October 23, 1944.
1. LANDLORD AND TENANT.
The mere relation of landlord and tenant alone is not a fiduciary or semi-fiduciary relation.
The fiduciary relation is not restricted to such confined relations as trustee and beneficiary, partners, etc., but applies to all persons who occupy a position out of which the duty of good faith ought in equity and good conscience to arise.
Where part of consideration of sublease was recognition that lessee might renew lease on same or other terms, and that sublease would be renewed on same terms or in ratio of changed terms, and sublessee began to negotiate for new lease from lessor within a month after becoming a sublessee and entered into new lease a year and three months before expiration date of his sublease, sublessee held the new lease as trustee for lessee subject to benefits to sublessee as provided in sublease.
4. LANDLORD AND TENANT.
Although provision for renewal of lease was not enforceable as between lessor and lessee because lessor might decline to agree upon renewal terms, as to third persons, the possibility of renewal constituted a property right which the law would protect.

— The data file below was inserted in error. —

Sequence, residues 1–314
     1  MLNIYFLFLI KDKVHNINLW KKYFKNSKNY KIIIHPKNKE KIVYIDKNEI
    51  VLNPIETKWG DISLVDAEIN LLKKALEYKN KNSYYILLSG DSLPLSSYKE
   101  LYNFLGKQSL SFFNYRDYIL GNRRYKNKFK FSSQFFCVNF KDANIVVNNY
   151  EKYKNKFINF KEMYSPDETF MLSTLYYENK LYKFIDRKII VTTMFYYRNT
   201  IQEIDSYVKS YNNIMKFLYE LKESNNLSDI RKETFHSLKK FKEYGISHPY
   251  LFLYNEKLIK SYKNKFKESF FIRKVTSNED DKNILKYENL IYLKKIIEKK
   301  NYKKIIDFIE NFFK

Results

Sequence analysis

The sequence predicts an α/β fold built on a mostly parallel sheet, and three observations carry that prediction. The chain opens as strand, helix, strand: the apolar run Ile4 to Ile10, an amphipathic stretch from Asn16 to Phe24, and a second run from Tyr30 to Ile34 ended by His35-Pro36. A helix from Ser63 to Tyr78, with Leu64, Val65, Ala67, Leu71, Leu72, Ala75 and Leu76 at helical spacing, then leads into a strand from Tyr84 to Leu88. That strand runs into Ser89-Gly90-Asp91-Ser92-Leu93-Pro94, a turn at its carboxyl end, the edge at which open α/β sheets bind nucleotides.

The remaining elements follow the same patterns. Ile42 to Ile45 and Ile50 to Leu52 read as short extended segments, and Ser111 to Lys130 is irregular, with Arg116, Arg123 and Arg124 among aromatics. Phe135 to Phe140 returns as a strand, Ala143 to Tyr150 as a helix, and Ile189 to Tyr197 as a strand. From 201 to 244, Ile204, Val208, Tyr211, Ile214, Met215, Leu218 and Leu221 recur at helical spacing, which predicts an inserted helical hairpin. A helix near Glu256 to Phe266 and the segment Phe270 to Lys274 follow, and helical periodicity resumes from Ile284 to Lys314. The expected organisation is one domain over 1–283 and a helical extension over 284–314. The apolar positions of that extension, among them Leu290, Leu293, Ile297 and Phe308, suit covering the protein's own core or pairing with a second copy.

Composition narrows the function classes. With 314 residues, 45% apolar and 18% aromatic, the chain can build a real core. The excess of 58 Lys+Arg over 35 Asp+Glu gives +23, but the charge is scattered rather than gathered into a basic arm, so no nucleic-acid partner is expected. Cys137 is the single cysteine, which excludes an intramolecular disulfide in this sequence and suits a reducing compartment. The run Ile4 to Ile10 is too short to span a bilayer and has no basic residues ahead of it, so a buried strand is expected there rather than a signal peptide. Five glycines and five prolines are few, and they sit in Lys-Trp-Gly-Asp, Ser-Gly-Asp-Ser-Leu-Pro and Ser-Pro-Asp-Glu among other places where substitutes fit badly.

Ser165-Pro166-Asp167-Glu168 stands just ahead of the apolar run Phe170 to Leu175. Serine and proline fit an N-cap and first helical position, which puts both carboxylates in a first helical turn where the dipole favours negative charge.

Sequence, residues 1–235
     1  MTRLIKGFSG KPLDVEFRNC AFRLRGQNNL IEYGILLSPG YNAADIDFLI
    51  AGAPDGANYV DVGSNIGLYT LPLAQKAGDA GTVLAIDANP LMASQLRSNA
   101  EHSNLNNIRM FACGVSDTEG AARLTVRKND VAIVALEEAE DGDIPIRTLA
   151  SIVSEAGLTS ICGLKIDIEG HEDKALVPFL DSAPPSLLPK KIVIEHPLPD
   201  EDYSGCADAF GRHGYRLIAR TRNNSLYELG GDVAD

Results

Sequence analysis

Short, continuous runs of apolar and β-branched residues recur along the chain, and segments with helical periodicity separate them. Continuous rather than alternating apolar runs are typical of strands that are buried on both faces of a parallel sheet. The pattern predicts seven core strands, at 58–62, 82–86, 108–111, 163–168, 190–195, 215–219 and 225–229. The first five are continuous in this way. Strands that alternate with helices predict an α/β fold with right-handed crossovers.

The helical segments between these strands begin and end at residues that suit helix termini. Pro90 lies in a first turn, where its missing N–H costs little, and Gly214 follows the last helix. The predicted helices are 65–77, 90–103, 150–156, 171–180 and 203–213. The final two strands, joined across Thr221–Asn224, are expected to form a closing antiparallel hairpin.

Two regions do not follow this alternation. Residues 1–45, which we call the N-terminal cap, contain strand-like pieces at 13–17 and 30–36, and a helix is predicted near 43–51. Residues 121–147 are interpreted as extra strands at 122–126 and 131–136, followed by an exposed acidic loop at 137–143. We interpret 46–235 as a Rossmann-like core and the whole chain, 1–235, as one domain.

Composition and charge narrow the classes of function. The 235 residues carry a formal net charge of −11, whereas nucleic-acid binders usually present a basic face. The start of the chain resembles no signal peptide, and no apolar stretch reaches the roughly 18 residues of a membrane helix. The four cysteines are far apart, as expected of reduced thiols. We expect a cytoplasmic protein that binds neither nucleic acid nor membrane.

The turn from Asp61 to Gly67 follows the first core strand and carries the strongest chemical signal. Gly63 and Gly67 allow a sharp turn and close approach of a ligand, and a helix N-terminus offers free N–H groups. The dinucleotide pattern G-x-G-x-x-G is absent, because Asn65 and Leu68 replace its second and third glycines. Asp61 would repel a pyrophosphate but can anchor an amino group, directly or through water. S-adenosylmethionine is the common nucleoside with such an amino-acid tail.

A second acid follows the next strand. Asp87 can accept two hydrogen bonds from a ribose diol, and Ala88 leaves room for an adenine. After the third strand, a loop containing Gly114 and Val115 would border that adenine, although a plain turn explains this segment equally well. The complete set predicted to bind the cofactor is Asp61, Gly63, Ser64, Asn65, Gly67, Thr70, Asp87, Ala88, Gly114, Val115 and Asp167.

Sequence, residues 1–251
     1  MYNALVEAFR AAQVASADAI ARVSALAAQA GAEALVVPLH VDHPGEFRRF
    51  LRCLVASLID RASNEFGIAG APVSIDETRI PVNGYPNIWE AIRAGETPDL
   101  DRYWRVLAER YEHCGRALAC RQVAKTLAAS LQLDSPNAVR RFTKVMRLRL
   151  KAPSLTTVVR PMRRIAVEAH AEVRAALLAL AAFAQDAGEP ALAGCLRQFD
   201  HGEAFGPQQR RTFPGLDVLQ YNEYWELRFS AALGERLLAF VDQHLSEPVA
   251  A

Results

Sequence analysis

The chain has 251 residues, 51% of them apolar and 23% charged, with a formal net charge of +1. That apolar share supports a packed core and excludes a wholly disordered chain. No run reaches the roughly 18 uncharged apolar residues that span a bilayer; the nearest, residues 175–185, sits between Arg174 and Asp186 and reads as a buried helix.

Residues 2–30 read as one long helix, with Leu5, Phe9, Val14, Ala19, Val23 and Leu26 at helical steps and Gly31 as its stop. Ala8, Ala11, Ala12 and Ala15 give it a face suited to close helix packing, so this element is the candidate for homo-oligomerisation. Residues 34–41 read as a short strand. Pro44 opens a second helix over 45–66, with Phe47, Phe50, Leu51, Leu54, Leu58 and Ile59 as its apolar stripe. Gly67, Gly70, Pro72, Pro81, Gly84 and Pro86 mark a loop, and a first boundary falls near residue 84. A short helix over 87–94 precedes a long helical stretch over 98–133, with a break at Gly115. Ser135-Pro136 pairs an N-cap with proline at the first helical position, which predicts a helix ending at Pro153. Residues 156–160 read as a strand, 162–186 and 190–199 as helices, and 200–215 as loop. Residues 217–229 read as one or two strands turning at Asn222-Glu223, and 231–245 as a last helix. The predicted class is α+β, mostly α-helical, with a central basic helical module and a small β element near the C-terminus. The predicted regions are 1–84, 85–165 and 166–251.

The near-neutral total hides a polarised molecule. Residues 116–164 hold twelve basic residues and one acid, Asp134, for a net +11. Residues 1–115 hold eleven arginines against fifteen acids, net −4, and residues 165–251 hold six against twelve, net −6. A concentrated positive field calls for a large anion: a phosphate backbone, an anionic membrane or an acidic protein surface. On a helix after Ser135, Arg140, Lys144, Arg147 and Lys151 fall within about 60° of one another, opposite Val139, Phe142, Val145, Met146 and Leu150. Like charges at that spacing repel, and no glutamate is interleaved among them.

Where part of consideration of sublease was recognition that lessee might renew lease on same or other terms, and that sublease would be renewed upon same terms or in ratio of changed terms, that lessor might not have renewed the lease did not entitle sublessee to a renewal lease in sublessee's own name for his own benefit.
APPEAL from the chancery court of Forrest county, HON. LESTER CLARK, Chancellor.
Luther A. Smith and Sullivan Sullivan, all of Hattiesburg, for appellants.
There was no fiduciary relationship between Mr. Hart and Mrs. Risher. The only relationship between them was that of landlord and tenant, and a fiduciary relationship does not grow out of or inhere in the relationship of landlord and tenant.
Kendrick v. Robertson, 145 Miss. 585, 111 So. 99; Rives v. Nesmith, 64 Miss. 807, 2 So. 174; Robinson v. Eagle-Picher Lead Co., 132 Kan. 860, 297 P. 697, 75 A.L.R. 840; 32 Am. Jur. 834, 835-6, Sec. 991.